I took the train from Venice via Florence and arrived at the first village in Cinque Terre: Riomaggiore. After walking through a fairly long tunnel, I found myself on the main street through the village. I was staying at a place called Mar-Mar and their office was just up on the left. I knew I had arrived right at lunch time and expected to wait until the office reopened. But, being that it’s a small village, the staff had left my key and directions to my room posted on the office door. You’d never be able to get away with that most places but that was my first inclination that I had arrived in a great little town. After walking up two narrow alleyways, I passed an elderly gentleman who said “Ciao Bella!” in the most genuine and non-cliche tone. I arrived at my place, and my instructions said I could take any available bed. After walking through the three bedroom apartment, I realized that every bed was empty. I had the place to myself!
I set down my stuff, and threw open the shutters in the kitchen: what an incredible view! I grabbed my camera, left the apartment, and headed down a set of stairs through another tunnel that opens up to Riomaggiore’s harbor. If you’ve seen a postcard of Cinque Terre, more often than not, it’s of this spot. The multicolored houses with the cliffs in the background makes for a dramatic view. I snapped some photos, talked to several study abroad students, and then just sat to take in the locals. There was a boat coming into the harbor with the day’s catch, a couple of people just fishing from the rocky shore, and two small restaurants preparing for their evening patrons. There was even a cat that I fell in love with, sitting on one of the boats and constantly sniffing the air, waiting for the fisherman to pull up to shore and share a bite of fish! The weather was beautiful. After coming from snow and wind in Venice, the sunshine felt like an addiction, and I soaked up all that I could. Even with such good weather, it was not crowded at all. My first night in Riomaggiore, I maybe came across 10 tourists. 10! Like I mentioned in my previous post, this place is underrated. The hostel worker back in Venice had never even heard of Cinque Terre, and it was true of many travellers I spoke to while in Italy.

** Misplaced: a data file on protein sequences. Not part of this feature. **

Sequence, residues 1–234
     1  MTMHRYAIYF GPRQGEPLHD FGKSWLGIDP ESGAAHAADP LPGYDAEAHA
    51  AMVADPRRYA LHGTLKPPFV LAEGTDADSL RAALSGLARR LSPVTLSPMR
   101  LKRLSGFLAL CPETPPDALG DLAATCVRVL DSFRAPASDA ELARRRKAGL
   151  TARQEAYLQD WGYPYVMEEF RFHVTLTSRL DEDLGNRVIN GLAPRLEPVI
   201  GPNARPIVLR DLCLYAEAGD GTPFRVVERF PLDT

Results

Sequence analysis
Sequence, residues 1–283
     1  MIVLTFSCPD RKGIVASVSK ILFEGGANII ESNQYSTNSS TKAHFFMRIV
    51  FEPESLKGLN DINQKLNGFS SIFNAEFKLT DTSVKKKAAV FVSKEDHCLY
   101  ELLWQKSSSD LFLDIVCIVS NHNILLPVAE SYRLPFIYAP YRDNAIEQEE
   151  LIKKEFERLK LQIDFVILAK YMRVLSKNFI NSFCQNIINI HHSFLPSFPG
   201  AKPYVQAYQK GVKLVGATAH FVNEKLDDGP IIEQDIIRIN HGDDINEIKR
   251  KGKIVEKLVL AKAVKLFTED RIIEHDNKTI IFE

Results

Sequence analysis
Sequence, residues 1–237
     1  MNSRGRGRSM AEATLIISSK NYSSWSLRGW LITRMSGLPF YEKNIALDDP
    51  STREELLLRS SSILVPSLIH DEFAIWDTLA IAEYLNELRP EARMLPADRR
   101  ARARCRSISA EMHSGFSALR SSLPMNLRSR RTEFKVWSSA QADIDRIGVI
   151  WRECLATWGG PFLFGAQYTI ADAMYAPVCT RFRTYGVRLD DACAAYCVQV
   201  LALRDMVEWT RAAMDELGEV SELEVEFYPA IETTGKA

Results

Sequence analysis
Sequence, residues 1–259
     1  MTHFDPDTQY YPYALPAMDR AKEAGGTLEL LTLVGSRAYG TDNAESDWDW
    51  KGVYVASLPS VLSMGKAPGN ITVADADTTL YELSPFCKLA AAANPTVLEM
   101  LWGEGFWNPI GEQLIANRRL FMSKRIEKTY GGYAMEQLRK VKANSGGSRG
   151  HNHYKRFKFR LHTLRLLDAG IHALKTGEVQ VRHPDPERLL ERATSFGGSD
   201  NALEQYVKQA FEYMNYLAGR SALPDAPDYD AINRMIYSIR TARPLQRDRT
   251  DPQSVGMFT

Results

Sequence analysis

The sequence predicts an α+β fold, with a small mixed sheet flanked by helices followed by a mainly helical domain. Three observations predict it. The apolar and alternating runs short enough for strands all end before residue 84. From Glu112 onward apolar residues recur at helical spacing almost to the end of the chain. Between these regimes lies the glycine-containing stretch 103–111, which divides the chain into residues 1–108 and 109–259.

Being on my backpacker budget, I made a stop in the local store and picked up, of course, some pasta (tortellini to be exact) and strolled back to my apartment, where I spent quite a bit of time figuring out how to get the stove to light!